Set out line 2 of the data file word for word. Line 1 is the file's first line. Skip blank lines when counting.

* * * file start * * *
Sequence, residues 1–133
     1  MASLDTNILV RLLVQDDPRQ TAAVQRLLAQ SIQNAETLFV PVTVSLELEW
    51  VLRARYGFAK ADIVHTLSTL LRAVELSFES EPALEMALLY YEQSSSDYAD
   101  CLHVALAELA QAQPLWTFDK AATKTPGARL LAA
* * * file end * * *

     1  MASLDTNILV RLLVQDDPRQ TAAVQRLLAQ SIQNAETLFV PVTVSLELEW